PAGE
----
ME:Very interesting article. It raises a question the average student may ask, “who gave the UN authority to declare moral facts?” More than 20 years ago at Penn State I had a fellow-student tell me that Hitler was only wrong from our modern perspective, but he could not judge if Hitler was absolutely wrong for all cultures and all times. In his view, what Hitler did was not “wrong” his actions were simply not culturally acceptable. ISIS, as another example, is a collection of people who find rape, slavery and torture acceptable, and possibly encouraged, in their religious-worldview. In their view, the UDHR is just a moral opinion of a wrongheaded and corrupt and godless culture. So how does one decide who is right? Who decided the UN had universal authority of moral facts for all cultures and all peoples of the world?


MY FRIEND: Good questions, Joe. As for the declaration, it was put together at the end of World War II, in the wake of the crimes against humanity. Many counties contributed to the writing and passing of the UDHR, including Russia, China, and many Middle Eastern countries where Islam is the dominant religion. As to who gives it moral authority? In a quick fb post, my answer is reason. Those who put together the document agreed (for the most part) about the content, but not about the philosophical underpinnings.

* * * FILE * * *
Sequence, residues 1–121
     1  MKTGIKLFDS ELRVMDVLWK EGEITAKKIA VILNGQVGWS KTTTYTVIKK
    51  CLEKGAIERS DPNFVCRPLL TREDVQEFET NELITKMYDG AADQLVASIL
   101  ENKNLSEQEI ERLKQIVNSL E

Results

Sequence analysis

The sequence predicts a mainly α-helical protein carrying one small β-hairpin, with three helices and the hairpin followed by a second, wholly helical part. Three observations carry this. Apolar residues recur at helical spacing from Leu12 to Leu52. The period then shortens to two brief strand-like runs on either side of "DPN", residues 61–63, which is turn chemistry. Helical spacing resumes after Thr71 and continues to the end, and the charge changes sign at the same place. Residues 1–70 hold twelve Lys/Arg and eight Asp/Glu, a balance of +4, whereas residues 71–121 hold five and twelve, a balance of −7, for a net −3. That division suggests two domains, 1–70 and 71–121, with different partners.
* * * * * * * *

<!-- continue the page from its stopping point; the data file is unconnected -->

ME: FB does have its limitation. I would just make two observations. One, if reason is the guarantor of moral-fact, then moral-fact will, of necessity, change as worldview transforms the process of reason. This post I made some time ago about Body Integrity Identity Disorder (BIID) gives some idea of where I am coming from. Two, if moral-fact requires the consensus of countries, what happens when those countries cease to exist? A look at a world-map shows that many of the countries that existed when we were young have passed into history. So in the end, moral-facts, rooted in governmental authority, are no more transcendent than the governments who enforce them.


MY FRIEND: Good points. Joe, what do you think of Aquinas’ natural law? I suppose that’s how I’d respond to #1. And as to #2, the idea is that we are humans first and citizen second. That’s the idea behind human rights.


MY FRIEND: Joe, I suppose the reason I admire the UDHR is because I see it as a way to talk about morality in a pluralistic society. When we don’t all hold the same religious beliefs, what are we to do? I think we can still reason together, and the UDHR is a great place to start.